The second writer with relevance to this discussion is Robert Leonhard. In both The Art of Maneuver (1991) and The Principles of War for the Information Age (1998), Leonhard introduces the terms the “paradox of lethality” and the “attack profile.” In essence, a weapons system does two things: it kills and it forces enemy reactions. The “Paradox of Lethality” is the phenomenon that, when viewed in isolation, as any system becomes more lethal, enemy reactions decrease its effectiveness; it does not produce more kills. That enemy reaction, however, can serve to increase the enemy’s exposure to other weapons systems, especially as the enemy’s reaction becomes more extreme. An “attack profile” is a broad description of how a weapon works on the battlefield and how effective it is. For example, a 120mm tank gun and a 120mm mortar have different attack profiles. The importance of the attack profile is that it largely drives the nature of the enemy’s reaction to that weapon. Leonhard argues that the real measure of any weapons system (or combined arms component) is not its individual attack profile, but the interrelationship of the reactions it causes with those of other weapons systems—its role in a combined arms system.

The physical building blocks of combined arms capability are the differing arms and/or weapons systems. The concept of combined arms seeks to use these components, not necessarily to achieve their individual maximum effectiveness, but rather to employ them in combinations to achieve the (situationally dependent) optimal individual effectiveness—for maximum effectiveness of the combined arms force as a whole. More specifically, the optimal individual performance of any component is primarily defined by how well it creates vulnerabilities in the enemy to other systems. For a combined arms force, the prime consideration for fielding a weapons system, or developing a capability must be how they interact with the other components of the force, not their individual characteristics.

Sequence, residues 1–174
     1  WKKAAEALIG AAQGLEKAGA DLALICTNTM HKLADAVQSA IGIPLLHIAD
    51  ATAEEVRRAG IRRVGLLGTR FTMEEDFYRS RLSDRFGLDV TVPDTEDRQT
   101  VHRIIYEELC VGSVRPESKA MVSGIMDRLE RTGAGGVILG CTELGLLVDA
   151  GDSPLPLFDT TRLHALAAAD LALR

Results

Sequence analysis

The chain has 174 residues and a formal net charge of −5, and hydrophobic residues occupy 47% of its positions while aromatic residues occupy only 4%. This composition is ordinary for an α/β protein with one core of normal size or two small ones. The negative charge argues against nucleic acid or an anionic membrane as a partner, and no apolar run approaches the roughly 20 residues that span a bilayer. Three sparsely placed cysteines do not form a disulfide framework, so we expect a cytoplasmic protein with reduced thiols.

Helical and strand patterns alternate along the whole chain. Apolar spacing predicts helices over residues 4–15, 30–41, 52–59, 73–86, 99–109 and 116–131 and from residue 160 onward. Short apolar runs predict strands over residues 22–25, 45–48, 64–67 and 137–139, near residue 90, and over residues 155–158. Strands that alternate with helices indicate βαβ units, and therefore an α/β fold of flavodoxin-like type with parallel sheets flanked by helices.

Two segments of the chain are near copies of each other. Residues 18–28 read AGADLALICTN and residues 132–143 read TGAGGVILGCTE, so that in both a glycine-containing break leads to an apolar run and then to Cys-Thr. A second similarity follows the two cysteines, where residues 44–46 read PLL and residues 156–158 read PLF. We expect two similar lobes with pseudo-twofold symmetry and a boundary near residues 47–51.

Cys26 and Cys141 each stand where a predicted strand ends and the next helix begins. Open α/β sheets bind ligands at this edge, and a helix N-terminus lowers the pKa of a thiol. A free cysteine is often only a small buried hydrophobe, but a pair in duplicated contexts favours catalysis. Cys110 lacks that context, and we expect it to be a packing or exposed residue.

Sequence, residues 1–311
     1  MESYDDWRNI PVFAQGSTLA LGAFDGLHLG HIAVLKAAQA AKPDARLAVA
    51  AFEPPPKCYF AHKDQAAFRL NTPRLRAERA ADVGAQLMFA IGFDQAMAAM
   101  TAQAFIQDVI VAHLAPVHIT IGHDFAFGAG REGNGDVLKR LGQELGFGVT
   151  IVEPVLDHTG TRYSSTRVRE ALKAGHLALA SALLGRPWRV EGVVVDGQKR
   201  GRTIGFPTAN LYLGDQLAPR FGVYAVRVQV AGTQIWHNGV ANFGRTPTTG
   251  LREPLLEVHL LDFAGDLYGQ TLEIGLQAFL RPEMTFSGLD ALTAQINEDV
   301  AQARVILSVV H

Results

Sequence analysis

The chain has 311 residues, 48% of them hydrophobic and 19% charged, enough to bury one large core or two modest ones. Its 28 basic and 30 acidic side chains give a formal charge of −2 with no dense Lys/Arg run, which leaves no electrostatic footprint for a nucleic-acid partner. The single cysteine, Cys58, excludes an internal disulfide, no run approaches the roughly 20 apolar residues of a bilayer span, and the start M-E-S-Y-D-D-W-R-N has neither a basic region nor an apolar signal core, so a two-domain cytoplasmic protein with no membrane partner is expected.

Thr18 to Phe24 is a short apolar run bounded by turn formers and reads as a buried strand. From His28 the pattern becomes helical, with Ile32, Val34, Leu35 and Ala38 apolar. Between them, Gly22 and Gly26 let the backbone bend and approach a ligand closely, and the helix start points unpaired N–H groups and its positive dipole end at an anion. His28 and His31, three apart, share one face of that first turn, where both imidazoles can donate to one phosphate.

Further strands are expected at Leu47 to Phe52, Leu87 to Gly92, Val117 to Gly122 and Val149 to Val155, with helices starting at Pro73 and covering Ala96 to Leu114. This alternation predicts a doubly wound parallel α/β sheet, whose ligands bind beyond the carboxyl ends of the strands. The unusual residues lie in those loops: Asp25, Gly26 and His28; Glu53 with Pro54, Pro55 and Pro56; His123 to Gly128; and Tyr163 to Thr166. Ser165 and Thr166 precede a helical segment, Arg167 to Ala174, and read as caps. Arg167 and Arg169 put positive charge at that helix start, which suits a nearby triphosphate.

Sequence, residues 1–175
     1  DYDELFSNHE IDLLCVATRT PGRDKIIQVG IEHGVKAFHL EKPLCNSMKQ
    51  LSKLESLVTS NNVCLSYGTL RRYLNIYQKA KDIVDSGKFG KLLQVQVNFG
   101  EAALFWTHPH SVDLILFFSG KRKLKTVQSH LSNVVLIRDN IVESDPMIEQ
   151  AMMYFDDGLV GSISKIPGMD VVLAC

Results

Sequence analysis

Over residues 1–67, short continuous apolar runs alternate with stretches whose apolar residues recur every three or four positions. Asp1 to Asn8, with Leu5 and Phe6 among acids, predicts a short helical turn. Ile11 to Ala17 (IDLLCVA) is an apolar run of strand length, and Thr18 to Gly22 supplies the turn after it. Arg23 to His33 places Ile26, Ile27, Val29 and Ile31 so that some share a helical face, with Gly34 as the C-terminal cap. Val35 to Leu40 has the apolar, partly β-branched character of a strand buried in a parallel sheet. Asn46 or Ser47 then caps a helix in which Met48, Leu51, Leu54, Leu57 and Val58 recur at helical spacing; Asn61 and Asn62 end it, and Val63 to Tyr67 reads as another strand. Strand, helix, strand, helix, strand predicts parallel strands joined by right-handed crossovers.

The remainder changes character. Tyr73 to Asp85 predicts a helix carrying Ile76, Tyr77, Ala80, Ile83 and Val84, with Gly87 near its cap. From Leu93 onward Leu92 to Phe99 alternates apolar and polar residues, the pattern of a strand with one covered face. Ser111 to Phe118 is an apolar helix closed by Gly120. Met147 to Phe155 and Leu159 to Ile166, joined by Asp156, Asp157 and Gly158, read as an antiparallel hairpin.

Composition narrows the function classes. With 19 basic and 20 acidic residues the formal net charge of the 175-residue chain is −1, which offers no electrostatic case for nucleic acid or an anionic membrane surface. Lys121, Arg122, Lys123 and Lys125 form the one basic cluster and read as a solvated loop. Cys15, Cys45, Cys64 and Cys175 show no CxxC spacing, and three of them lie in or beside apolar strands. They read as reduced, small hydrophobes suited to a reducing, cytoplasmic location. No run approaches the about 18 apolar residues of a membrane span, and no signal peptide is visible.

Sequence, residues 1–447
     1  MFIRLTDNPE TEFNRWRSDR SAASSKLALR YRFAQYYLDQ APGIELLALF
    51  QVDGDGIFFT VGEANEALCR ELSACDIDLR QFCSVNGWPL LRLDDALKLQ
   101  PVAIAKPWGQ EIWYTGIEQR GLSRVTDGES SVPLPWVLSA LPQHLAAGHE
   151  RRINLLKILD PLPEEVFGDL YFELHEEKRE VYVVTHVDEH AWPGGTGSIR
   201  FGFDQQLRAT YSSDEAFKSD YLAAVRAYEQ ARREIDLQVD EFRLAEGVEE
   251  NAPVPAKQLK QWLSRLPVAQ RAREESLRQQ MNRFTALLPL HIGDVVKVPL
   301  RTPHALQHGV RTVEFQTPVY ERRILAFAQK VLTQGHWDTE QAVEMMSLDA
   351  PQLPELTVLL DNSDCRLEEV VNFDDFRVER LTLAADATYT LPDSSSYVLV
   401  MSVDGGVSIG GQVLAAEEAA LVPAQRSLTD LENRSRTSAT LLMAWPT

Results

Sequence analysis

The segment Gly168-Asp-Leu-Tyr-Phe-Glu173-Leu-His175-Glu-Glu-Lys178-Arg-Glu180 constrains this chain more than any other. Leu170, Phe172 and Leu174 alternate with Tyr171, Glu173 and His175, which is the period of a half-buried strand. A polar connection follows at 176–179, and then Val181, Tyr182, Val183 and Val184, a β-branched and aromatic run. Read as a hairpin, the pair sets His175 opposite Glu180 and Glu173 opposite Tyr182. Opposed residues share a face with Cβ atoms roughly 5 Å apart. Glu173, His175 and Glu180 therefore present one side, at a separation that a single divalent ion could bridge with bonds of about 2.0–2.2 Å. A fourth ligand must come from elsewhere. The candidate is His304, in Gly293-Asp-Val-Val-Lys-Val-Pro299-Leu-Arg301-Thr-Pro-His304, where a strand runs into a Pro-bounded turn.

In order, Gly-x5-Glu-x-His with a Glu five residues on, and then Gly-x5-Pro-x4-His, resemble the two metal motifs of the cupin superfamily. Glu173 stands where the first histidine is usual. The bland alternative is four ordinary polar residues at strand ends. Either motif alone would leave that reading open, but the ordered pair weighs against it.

Combined Arms and Relative Combat Power. An effective combined arms concept contributes to combat power. The combined arms organization provides the physical building blocks of multiple weapons systems with differing attack profiles. To a great degree, the attack profiles can objectively measured: ranges, physical effects, movement rates, and logistics requirements. Measurement of combined arms tactics and techniques on the other hand, is a very subjective exercise. Tactics and techniques have to do with the relationship of enemy reactions to the different attack profiles—not the simple sum total of their individual physical effects. For example, in an attack on an entrenched enemy position, understanding the movement rate, range, accuracy, and lethality of a mortar, a machine gun, and a maneuvering rifle squad does not provide the information necessary to predict the battlefield effects of those three elements being used in a competent combined arms attack. The mortar and the machine gun may have the greatest killing power, but if their role is to keep the enemy pinned down for the squad to close and engage in close combat, then the actual “kills” produced by the mortar and machine gun may be less than that of the squad’s rifles. To complicate matters, if one of these elements, such as the mortar, is placed in a different tactical situation, working with a different set of weapons systems, then its role and ultimate effect in the combined arms attack would be also be different. In calculating relative combat power, the subjective measure of combined arms tactics and techniques modifies the actual objective measures of contained in a combined arms organization.